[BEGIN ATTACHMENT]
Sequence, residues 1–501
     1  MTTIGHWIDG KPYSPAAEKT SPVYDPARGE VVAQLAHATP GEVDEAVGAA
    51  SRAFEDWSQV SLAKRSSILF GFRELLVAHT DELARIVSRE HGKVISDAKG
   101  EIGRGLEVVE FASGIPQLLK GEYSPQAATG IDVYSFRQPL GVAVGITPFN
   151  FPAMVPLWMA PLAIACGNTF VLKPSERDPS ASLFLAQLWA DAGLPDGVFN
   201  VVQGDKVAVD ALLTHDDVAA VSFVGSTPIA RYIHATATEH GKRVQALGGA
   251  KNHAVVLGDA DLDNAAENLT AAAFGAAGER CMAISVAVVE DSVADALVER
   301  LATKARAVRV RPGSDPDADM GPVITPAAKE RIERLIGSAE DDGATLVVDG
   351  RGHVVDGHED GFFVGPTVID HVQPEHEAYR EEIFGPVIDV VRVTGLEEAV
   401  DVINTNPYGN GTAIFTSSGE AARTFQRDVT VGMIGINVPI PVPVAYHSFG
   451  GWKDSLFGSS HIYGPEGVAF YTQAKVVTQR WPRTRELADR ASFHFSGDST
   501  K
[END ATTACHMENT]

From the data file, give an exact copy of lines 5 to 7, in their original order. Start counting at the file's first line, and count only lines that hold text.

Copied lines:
   151  FPAMVPLWMA PLAIACGNTF VLKPSERDPS ASLFLAQLWA DAGLPDGVFN
   201  VVQGDKVAVD ALLTHDDVAA VSFVGSTPIA RYIHATATEH GKRVQALGGA
   251  KNHAVVLGDA DLDNAAENLT AAAFGAAGER CMAISVAVVE DSVADALVER